Help Wanted at the House on the Rock
Clingstone’s million-dollar views come with a price. Roll up your sleeves and grab a hammer for the annual work weekend.
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Clingstone’s pull is tough for most to resist, as evidenced by the enthusiastic response to tackle chores that slide at home. The eleven-bedroom house has a communal, bohemian vibe that belies its private island label. “It’s sort of a public park,” says Dan. “It has a life of its own, like a pet that wanders around the neighborhood. The house owns us more than we own the house.” The Woods spend a good chunk of the summer at Clingstone, especially weekends, but they do rent it too. At eight grand a week, it’s tricky to find a bidder. “It needs to be the right person, who understands that it’s solar and wind powered,” says Dan. “It’s not a shiny, new, everything-works kind of place.” And there’s no heat. Josh actually lived out here until mid-December one year — coincidentally, 1992, the year of the perfect storm. It was so cold, he holed up in one room and used a full-length raccoon coat to keep warm.
Clingstone’s interior is a mash-up of nautical frat house and campground chic. It’s surprisingly dark (a design feature that draws the eye to the picture windows and the view beyond) and the walls are covered in cedar shingles (they fared better than plaster during Fort Wetherill’s recurring canon-testing exercises).
Upstairs, Bob — the oldest Clingstone volunteer at eighty-four — is working on replacing shingles in Henry’s second-floor bedroom. A hardcore worker, Bob’s been known to need a nudge to break for dinner. He’s also the main reason the Woods had to up the age limit on the hand-written sign they post at the steep steps to the roof deck (and one of the best views in Rhode Island); in Bob’s honor, it now reads “No entry after three drinks or eighty-six years of age.”
Clingstone is littered with these kinds of signs. Many are tongue in cheek: “If God meant us to have fiberglass boats, he would have planted fiberglass trees” or “Sometimes you want to go where no one knows your name.” The rest are instructional: how to flush the composting toilet, reminders to open the freezer carefully and to latch the doors. The signs support the communal vibe — anyone’s welcome, just follow the rules. The artwork, too, has an if-you-like-it-tack-it-up feel. Historical photos, nautical charts and avant-garde art by Dan share space with Clingstone-pride paraphernalia. In the ping/beer-pong-slash-dart room — both huge pastimes here — there’s a “Clingstone Wannabes” display, with three houses perched on rocks that just don’t measure up. In the dining room, there’s a photo of the QE2 anchored in Newport with Clingstone dwarfed in the foreground. An article by the Phoenix’s Phillipe and Jorge talks about everyone at Clingstone mooning the massive ship. It’s no exaggeration; dropping trough any time a tour boat passes is a three-generation-old tradition; it even happens once this weekend.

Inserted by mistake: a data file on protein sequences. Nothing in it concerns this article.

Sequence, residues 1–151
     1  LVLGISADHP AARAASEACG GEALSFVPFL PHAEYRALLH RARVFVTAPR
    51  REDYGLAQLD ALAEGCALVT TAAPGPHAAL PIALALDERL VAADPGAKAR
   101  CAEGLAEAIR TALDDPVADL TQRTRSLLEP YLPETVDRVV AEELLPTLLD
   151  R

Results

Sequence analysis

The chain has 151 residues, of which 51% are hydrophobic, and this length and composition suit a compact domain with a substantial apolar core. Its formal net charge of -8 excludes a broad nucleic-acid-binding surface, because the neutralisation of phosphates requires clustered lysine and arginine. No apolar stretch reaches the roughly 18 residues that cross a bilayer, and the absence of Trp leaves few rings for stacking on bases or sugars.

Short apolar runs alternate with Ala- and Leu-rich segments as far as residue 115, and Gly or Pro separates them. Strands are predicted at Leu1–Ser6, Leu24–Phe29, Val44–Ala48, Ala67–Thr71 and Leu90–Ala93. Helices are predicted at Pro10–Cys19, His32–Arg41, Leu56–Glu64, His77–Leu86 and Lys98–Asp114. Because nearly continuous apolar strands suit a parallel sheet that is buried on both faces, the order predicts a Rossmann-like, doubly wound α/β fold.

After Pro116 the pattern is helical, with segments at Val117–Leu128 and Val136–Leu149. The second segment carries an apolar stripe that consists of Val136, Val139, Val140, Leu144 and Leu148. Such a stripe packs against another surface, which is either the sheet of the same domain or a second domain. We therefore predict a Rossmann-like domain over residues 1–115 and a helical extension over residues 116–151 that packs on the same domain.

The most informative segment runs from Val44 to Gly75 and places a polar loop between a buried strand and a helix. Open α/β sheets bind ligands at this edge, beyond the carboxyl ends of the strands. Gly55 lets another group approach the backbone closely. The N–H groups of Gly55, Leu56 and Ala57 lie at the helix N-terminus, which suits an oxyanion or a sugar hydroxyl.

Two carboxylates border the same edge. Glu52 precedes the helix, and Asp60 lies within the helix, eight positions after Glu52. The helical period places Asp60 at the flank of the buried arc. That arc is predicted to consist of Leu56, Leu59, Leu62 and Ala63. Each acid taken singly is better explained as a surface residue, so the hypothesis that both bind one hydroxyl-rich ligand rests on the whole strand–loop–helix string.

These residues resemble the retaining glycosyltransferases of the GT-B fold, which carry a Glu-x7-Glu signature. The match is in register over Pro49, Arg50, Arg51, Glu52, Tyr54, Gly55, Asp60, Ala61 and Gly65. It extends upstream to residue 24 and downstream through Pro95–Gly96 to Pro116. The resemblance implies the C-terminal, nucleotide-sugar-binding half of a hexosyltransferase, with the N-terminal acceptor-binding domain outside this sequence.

Silly meets serious in the chore lineup, too. Carmen and Tracey fall into the latter category as they tackle organizing decades’ worth of books by subject: hobbies, lit, boats and sailing, architecture, humor, history. “This was the furthest thing from my imagination, that I’d be organizing books for the work weekend,” admits Carmen. “I also organized the linen closet.” On the other end of the spectrum, Nick, the Providence architect, is creating a weathervane from an old bandsaw. “It’s one of Henry’s follies! He’s an inventor.” And at all times someone is on kid duty (there are at least a dozen roaming the grounds); the spreadsheet specifies: “safely wrangle, watch and entertain small children.”
Around six, some people start to peter out. The wind has whipped up, sweatshirts and jackets have come out. Those who aren’t still working (Bob and a crew of ten are unloading wood, assembly-line style from the skiff) grab a Corona or mix a “family drink,” Mt. Gay rum with tonic and lemon, and enjoy the last of the sun. A few stragglers are just arriving, taking a pass on work and sneaking in for the evening festivities.
Henry takes a load off. “Every year, we hear that someone has bought the place — once it was Tom Selleck,” he recalls with pride. It’s clear he enjoys the sense of mystery that swirls around his beloved private island-in-progress. “Joan Baez was out here once and so was Jackie Kennedy,” he continues. Nick, who’s scraping the rubber off the bandsaw-someday-weathervane in between sips of beer, says with a laugh, “I think there’s a reality show in this if someone ever wanted to do it.”
Dinner is a huge hit. No one expected to be feted with tortillas made from scratch. Out here, where tap water isn’t meant for drinking, even prepping a salad is a big deal. The festivities are accompanied by two speeches, one from the kitchen, explaining which dishes are vegetarian and which are spicy. And the other a heartfelt toast and thank you from Henry, peppered with plenty of Clingstone folklore. Who knew it used to be called the mother-in-law house, mainly by yachtsmen, because they envisioned dumping off their mothers-in-law here. And sailing away.
Times have surely changed. Tonight, after the kitchen is tidied, the wine has been drunk and the ping-pong has been played, people will clamor for a bed, a chance to spend the night at the house on the rocks. And, who knows, in true Clingstone fashion, maybe a chance to meet their equally tuckered out, wind-burned work weekend soul mate.
Sarah Forney, Erin Rodriguez, Lisa Lawless and Tobin Rodriguez (left to right) spend the day prepping dinner.